State-controlled telecoms company Telecommunications Services of Trinidad and Tobago (TSTT) is finalising a $1.5 billion loan to transform itself into a more streamline, more technologically advanced mobile and internet services provider.
Acting chief executive George Hill said yesterday the company had put out a competitive tender for the underwriting services of a bond.
“We are borrowing TT$1.5 billion...for this bond through ANSA Finance and we are in the final stages of closing this. We expect by August to complete it,” he told journalists at media breakfast at TSTT’s Edward Street, Port of Spain, offices.
The debt financing is being executed on the strength going forward of TSTT’s balance sheet and without the need to secure a Government guarantee.
Money raised in the bond will be used for organisational transformation, infrastructure and wireless development.
It is a component of TSTT’s five-year transformation plan to make the company leaner, to help it focus on mobile and broadband services.
TSTT is also proceeding apace with its voluntary separation and voluntary early retirement programme to streamline the organisation.
The company’s current workforce stands at about 2,750 and Hill said the objective was to reduce this by about 25 per cent, Hill said.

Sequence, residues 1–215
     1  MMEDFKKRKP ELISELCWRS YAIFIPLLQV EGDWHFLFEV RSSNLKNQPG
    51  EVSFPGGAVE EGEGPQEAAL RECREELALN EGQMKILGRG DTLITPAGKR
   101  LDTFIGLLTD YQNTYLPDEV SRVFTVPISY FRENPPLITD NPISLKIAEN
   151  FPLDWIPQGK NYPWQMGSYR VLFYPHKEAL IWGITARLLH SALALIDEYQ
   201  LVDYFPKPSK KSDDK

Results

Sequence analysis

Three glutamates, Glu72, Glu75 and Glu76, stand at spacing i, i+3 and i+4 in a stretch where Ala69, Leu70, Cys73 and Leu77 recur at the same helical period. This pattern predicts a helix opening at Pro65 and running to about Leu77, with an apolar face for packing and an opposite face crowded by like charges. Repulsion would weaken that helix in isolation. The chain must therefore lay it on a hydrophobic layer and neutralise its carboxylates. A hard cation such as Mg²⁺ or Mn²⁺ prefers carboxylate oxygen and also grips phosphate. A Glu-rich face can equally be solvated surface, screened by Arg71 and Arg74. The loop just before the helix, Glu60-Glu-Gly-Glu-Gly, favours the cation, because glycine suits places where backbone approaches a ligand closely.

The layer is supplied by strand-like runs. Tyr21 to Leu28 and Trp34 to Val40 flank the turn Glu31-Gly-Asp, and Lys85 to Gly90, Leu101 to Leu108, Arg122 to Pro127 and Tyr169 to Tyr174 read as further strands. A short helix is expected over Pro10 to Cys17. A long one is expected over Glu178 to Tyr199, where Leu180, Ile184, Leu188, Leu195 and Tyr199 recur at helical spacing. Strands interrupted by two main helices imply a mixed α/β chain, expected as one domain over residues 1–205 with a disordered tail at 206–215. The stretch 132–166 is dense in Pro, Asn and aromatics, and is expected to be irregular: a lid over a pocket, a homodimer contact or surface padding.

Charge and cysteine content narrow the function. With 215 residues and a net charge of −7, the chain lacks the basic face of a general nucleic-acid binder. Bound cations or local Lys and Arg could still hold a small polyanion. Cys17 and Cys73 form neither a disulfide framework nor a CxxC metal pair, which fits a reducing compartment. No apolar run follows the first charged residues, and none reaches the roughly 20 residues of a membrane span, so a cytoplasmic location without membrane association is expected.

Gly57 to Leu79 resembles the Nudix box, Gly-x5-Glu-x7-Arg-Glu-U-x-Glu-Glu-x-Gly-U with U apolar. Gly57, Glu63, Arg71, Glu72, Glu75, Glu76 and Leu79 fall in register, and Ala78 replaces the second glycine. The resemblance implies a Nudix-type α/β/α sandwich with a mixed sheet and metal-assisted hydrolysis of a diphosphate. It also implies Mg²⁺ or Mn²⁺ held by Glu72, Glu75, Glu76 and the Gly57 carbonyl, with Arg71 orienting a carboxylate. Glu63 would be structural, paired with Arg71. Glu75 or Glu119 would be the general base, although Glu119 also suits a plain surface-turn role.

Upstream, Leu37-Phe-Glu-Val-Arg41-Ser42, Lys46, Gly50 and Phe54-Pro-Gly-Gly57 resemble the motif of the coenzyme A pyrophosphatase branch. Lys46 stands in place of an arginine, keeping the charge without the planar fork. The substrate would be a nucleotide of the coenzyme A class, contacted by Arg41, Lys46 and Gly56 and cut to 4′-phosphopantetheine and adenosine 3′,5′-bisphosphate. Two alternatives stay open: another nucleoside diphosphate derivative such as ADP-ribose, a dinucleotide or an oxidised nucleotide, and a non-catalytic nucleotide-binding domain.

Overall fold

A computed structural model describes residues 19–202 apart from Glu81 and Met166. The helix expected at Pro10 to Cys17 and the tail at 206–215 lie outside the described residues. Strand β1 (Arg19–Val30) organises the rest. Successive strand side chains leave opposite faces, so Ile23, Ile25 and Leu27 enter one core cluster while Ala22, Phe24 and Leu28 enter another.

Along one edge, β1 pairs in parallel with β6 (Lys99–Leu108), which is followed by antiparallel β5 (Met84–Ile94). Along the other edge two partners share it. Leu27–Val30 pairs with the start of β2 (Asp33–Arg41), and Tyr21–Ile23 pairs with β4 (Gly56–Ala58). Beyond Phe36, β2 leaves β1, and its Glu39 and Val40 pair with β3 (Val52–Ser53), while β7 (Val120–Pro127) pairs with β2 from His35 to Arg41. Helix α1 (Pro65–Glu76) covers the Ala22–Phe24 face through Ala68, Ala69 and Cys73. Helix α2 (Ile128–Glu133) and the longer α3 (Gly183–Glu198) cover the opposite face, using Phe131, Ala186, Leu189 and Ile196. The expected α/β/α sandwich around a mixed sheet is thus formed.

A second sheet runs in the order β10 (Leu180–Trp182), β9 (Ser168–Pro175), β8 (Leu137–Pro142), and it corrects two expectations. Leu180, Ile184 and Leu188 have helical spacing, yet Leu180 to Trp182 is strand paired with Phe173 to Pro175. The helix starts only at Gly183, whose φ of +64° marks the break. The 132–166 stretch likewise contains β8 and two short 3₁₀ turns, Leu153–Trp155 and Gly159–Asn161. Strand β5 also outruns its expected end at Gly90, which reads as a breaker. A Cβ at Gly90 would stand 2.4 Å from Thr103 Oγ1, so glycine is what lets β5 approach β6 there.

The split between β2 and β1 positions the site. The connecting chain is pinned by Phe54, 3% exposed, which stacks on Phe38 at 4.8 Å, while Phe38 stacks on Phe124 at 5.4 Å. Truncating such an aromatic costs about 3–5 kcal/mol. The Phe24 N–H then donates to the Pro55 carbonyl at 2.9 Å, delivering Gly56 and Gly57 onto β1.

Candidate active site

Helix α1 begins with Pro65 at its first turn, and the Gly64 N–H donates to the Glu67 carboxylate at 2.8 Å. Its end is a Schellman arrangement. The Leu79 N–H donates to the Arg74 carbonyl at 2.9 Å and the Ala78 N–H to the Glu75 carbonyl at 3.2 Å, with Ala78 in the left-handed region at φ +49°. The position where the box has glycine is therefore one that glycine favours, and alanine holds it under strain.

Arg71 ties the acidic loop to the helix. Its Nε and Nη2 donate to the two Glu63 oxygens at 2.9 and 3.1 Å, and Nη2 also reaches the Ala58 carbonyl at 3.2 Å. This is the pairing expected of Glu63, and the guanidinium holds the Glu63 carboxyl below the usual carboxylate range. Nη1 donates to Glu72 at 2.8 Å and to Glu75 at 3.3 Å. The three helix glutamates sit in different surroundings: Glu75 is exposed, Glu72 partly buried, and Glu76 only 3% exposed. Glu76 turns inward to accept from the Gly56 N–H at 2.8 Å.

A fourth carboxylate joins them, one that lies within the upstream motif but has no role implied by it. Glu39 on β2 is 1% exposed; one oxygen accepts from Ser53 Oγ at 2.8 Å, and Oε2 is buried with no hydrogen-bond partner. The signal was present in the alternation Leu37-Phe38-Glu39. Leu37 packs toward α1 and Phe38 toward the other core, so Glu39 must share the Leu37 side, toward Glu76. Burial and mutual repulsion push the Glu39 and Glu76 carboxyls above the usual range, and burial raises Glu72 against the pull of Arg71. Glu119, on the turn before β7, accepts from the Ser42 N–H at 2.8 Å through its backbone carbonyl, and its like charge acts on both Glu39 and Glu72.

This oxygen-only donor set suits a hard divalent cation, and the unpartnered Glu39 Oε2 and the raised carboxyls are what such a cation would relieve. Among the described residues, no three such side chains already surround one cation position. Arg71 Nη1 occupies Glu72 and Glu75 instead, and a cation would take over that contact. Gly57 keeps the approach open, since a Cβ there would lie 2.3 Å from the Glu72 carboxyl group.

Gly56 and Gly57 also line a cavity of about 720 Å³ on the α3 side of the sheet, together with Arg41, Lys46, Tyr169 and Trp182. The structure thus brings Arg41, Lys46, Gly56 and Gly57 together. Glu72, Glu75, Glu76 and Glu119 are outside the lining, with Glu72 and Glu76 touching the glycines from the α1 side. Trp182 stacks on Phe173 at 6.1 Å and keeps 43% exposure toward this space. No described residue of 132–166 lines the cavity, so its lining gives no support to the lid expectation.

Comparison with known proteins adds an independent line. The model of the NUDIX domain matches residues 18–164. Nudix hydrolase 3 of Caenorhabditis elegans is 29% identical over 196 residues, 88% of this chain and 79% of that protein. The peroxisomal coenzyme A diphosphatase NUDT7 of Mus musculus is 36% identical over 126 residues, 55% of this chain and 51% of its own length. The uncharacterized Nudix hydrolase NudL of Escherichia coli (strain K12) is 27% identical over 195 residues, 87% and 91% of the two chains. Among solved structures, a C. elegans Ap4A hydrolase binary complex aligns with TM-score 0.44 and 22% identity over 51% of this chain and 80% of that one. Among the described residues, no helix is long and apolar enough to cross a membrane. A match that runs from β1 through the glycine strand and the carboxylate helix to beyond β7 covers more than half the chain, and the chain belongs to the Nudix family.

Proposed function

This would equate to around 680 people, by Express calculations.
“VSEP is well underway, we have folks who have decided to leave, we have folks who are staying and we have made provisions for training for them,” given the company’s focus on information and communications technology, Hill said.
The first tranche of VSEP took place in June and there other tranches scheduled for the end of July, August, September and October.
Hill said TSTT needed to invest in its infrastructure to develop its wireless, broadband and wireless broadband services, especially for areas of the country where it was not feasible to run cable lines.
TSTT launched wireless broadband in Sangre Chiquito in Trinidad, and in Tobago a few months ago.
Hill said the company’s aim was to spend 75 cents of every dollar it made on mobile and broadband.
It is in part of compete with newer providers like Digicel and a possible third mobile provider in the near future.
TSTT recorded a loss of more than half-a-billion dollars for its financial year ended March 31, 2014.